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Picture: 123RF/RAZIHUSIN
Picture: 123RF/RAZIHUSIN

The negative effects of the four alcohol sales bans over the past two years cannot be ignored, especially when preparing for excise tax adjustments in 2022. However, a call for a lower tax rate for beer versus other categories of alcohol (wine and spirits) misrepresents the current alcohol tax structure.

Excise tax for beer and spirits is applied on the absolute alcohol component of the product — what is otherwise declared as alcohol by volume (ABV). To argue that beer should be further discounted misrepresents the already segmented rates applied to fermented versus distilled product. 

Different rates are applied depending on whether the product is a beer product (fermented) or a spirit (distilled). Currently, beer pays R115 per litre of absolute alcohol (LAA) while spirits pay double the amount at R230 for the same litre of absolute alcohol.

Using these rates, a 750ml bottle of beer with 5% ABV will pay R4.31, while the same 750ml bottle of vodka-based spirit cooler at 5% ABV (for example, Smirnoff Spin) will pay R8.62. The most commonly sold 750ml bottle of spirits at 43% ABV pays excise tax of R74.22c.

The drivers of this beer argument state that further reduction in tax for beer may contribute to reducing alcohol-related harm as more people will consume lower ABV products. Beer already dominates the SA alcohol market at 74% of total volume.

Again, let us compare apples with apples using the pure alcohol contribution of beer versus spirits. According to the International Wines and Spirits Record (IWSR), the leading source of global alcohol data, beer makes up 53% of pure alcohol in the SA market. Spirits (combined with spirit coolers) make up 26%.

Using tax interventions to shift consumption to beer will only serve to increase beer’s contribution to total pure alcohol consumed and no effect on harmful consumption can be expected.

While it may compensate for externalities, excise tax is not a measure to reduce harmful consumption. Excise tax applies a blanket price pressure on all consumers, irrespective of whether they consume alcohol responsibly. The primary effect of this is that lower-income groups trade down to cheaper brands or are more inclined towards the illicit market, in other words non-tax paying products.

Smuggling and production of counterfeit products grew exponentially to R20bn (12% share of total alcohol market) due to the four lockdown bans of alcohol sales. According to Euromonitor, spirits account for almost half (48%) of this illegal market, followed by sugar fermented ales (22%). SA’s government has had to act against several diplomats for abusing their privilege to purchase alcohol tax free, and feeding the illegal market.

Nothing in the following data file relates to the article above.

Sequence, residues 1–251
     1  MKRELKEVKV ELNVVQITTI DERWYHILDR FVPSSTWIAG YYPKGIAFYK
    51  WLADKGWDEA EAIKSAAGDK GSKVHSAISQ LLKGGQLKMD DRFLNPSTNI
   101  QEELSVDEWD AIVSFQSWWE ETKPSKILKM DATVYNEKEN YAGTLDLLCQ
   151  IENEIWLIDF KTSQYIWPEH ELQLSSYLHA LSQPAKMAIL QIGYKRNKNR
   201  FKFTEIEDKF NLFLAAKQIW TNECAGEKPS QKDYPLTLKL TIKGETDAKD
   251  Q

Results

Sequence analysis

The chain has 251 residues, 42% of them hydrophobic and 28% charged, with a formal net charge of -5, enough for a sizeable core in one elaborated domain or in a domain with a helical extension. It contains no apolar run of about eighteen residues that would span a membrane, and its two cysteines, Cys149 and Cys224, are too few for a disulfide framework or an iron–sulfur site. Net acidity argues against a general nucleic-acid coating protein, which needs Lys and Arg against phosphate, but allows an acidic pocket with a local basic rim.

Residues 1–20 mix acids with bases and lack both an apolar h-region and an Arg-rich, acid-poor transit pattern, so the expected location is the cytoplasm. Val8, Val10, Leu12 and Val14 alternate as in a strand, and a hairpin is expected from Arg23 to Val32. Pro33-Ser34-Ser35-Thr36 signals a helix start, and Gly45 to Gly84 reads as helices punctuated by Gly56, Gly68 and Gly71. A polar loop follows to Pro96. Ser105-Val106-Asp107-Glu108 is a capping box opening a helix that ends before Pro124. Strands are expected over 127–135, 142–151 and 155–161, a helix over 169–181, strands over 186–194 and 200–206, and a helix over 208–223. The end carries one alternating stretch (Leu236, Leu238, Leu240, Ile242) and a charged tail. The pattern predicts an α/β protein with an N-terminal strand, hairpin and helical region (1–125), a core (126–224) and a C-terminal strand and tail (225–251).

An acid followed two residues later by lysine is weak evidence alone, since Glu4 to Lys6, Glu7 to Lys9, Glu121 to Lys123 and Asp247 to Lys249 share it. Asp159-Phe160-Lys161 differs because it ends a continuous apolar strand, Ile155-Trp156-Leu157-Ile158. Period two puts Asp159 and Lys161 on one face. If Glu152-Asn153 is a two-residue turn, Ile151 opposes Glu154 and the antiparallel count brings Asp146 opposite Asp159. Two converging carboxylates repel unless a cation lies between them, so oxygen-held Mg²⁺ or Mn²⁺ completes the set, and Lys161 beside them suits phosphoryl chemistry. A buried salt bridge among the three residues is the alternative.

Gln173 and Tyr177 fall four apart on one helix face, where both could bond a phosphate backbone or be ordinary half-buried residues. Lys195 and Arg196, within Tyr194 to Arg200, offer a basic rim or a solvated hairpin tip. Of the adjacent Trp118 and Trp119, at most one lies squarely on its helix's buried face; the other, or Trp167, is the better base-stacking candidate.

Targeted interventions aimed at addressing social drivers of harmful use of alcohol — from education and awareness, law enforcement to health treatment interventions — are what will the resolve the problem of alcohol abuse.

From an excise tax revenue contribution perspective, the IWSR reports that spirits contribute 32% of excise tax revenue, which is higher that its 26% share of pure alcohol, and beer contributes 53% (versus a 53% pure alcohol share). Therefore, a reduction in spirits volumes will have a greater negative effect in the overall revenue collection from alcohol excise tax than the reduction in beer volume.

The latest call from advocates of preferential tax treatment for beer has been for the finance minister to consider reducing excise tax for craft beers because these products are produced by small to medium size enterprises (SMMEs). If practical, that call should have been extended to small wine and spirits producers as well.

Unfortunately, the proposal is not practical because excise tax is applied on a product itself, and not on the income statement of a company that produces it. The size of a company, whether it is a small supplier of beer, spirits or wine, becomes relevant in a corporate tax setting, which evaluates profits and losses of a business entity.

Lockdown sales bans have negatively affected all SMMEs in the alcohol value chain, from small ingredient suppliers, and packaging and logistics companies, to taverns, restaurants and retailers that ultimately sell beer, spirits and wine to consumers. No business has been spared the economic hardship of the lockdown.

The rational way forward would be a moderate excise tax adjustment that is not higher than inflation across all three categories — beer, spirits and wine. This is what the industry should be striving for in finance minister's 2022 budget statement. This would provide across-the-board tax relief that would stimulate the growth of the alcohol industry and help it continue to make a significant contribution to the overall economy of the country.

• Mngadi is corporate relations director at Diageo SA.

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